Social conservatives can complain about Marxist professors and Hollywood liberals, but the fact is that businessmen such as Hugh Hefner were probably much more influential than Leftist academics when it came to spreading the Sexual Revolution among the masses. Social conservatives would do well to look to some of the better ideals of socialism and communism, such as spreading high culture among the masses, while socialists and communists would benefit from recognizing the important role that religion has played and can continue to play in the development of cultural excellence.

The decadent social libertinism of the 1960s did in fact set the scene for the extension of the same principles into the economic sphere, and thus their entrenchment by, in, through and as the decadent economic libertinism of the 1980s. Here in Britain, the same Oliver Smedley who bankrolled the union-busting, drugs-and-promiscuity-promoting criminality that was pirate radio, went on to bankroll the proto-Thatcherite Institute of Economic Affairs. You cannot believe in the "free" market unless you believe in unregulated drinking and gambling, and in legal access to drugs, prostitution and pornography. Hugh Heffner’s Playboy Foundation is a major financial backer of efforts to retain abortion on demand up to and including partial birth in the United States, and it funds "Catholics for a Free Choice", as that organisation’s own accounts make clear. More than shades of Alfred C Kinsey’s funding by organised vice.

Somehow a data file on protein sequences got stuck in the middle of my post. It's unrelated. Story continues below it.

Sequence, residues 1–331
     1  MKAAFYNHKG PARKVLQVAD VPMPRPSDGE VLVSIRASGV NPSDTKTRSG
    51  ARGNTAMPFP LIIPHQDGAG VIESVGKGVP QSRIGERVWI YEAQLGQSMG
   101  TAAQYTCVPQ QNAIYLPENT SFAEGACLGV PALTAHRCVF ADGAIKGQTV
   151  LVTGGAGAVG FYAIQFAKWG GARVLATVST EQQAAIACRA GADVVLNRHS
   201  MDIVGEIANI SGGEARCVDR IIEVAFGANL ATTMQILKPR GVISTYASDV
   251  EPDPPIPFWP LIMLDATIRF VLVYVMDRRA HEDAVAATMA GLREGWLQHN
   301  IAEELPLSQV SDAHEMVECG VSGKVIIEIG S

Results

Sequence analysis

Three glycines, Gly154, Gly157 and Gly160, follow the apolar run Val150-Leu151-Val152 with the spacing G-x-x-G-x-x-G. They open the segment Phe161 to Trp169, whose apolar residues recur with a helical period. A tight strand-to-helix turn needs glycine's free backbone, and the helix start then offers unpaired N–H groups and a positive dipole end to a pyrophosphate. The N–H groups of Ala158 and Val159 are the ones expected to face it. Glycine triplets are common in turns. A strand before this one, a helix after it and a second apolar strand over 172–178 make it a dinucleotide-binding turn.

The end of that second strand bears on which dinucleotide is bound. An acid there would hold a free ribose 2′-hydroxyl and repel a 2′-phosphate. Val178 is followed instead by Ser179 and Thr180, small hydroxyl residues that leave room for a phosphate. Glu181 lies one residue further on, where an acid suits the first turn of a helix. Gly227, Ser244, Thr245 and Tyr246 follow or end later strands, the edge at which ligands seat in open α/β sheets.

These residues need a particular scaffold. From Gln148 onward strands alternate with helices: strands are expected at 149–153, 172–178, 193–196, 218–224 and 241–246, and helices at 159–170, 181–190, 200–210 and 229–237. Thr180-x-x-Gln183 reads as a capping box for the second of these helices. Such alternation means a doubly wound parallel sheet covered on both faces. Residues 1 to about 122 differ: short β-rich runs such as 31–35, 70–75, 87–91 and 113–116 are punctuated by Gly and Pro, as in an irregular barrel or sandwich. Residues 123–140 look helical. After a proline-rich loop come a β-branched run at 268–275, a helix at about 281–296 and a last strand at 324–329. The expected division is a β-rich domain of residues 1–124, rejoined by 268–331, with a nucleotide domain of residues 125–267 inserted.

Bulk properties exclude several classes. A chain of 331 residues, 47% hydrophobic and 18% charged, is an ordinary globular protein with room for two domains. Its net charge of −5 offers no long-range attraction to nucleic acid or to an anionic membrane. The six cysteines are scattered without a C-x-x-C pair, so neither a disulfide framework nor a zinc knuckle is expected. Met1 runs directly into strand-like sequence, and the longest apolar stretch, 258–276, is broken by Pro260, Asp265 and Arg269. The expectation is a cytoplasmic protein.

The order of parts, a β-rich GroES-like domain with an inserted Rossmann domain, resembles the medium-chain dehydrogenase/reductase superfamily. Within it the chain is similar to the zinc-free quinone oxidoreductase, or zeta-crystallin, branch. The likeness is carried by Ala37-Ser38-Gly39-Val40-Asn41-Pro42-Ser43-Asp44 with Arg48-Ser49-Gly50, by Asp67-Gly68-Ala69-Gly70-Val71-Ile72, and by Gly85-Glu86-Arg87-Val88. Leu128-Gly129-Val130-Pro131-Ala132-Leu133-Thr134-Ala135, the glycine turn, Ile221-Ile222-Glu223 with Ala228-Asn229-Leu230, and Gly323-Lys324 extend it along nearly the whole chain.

Whereas Russia is now emerging from the gangster capitalism that has followed Communism ever since the events that John describes set the unhappy, unnecessary pattern. She once again recognises herself as pre-eminent among the Slavs in their mission as the age-old gatekeepers of our Biblical-Classical civilisation, whether against Islam, against Far Eastern domination, or now also against the godless, rootless, stupefied, promiscuous, usury-based, metrosexual, war-hungry pseudo-West that holds up Israel, Georgia and Taiwan as supposedly plucky and inspiring outposts.